Teachers engage teens with realistic fiction, 'street literature'

June 15, 2012

By Tricia Bobeda

Front and Center visited classrooms around Chicagoland to hear what gets teens excited about reading.

Amy Correa teaches sixth and seventh grade at Agassiz Elementary School in Chicago. She thinks the classics are important, but is worried that the new Common Core standards emphasize this type of literature too much. She says her students gobble up realistic fiction novels, and they can learn how to model behavior by reading stories about teens in tough situations. Listen to Correa's classroom and hear more about how she gets kids excited about reading:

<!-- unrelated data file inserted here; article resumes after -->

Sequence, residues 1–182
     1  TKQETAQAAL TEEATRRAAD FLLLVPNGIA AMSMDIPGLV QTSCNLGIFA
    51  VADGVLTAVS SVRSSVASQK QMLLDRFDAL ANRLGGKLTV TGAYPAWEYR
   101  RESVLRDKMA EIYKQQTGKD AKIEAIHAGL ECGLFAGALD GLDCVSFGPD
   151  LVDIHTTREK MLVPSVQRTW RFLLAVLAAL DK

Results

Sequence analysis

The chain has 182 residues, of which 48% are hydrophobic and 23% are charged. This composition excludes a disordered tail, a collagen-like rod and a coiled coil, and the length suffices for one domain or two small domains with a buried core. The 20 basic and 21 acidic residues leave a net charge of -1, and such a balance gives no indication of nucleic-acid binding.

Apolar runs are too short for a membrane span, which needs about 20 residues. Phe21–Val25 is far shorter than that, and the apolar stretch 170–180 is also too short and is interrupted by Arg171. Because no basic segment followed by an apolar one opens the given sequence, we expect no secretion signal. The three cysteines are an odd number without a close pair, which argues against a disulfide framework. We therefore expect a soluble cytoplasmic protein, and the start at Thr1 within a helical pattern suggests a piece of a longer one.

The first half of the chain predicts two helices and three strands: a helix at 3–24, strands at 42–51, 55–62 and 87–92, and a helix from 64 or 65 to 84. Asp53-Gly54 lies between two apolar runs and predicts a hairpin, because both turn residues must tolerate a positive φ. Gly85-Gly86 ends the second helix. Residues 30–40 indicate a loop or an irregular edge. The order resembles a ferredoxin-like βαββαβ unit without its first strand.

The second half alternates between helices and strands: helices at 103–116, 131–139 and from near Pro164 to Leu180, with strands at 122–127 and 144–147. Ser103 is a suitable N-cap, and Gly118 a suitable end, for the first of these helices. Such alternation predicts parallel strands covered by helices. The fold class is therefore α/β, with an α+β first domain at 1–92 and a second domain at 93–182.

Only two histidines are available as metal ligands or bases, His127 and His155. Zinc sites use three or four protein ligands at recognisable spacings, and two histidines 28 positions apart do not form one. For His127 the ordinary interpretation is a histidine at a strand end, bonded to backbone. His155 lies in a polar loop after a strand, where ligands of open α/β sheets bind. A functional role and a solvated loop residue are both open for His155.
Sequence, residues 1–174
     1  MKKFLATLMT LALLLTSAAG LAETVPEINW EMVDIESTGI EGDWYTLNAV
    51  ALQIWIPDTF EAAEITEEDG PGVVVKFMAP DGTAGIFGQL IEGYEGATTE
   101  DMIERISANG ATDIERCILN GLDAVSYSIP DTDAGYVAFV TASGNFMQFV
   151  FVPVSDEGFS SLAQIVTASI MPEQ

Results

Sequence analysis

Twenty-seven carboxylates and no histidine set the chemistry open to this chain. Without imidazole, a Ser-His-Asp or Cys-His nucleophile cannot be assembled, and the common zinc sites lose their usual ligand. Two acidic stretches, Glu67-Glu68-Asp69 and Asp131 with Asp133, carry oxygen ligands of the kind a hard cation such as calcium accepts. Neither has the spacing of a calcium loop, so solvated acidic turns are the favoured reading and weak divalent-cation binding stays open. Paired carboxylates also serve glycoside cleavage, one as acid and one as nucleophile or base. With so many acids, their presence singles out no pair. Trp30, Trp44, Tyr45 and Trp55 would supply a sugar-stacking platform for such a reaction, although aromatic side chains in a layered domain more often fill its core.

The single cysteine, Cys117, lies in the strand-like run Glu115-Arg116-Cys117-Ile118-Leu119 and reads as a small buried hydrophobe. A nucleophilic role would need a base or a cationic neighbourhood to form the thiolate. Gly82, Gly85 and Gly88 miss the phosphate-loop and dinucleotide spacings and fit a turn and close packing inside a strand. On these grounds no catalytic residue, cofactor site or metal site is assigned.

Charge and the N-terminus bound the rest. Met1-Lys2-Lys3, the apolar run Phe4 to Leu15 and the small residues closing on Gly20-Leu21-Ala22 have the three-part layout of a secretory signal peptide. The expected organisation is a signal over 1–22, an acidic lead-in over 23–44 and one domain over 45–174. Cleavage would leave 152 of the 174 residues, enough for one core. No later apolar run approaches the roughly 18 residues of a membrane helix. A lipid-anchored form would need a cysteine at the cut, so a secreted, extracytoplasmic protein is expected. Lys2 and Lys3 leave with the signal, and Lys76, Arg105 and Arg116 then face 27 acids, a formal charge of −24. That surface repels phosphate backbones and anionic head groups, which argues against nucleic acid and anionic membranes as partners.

Mike Henry is a literacy coach and teacher at Reavis High School in Oak Lawn, Illinois. His approach to getting high school students excited about reading relies on student choice in reading materials. He says giving students options of realistic fiction gets them more engaged in reading. Listen to Henry's classroom and hear more about how he gets reluctant readers to build up their reading stamina:

 

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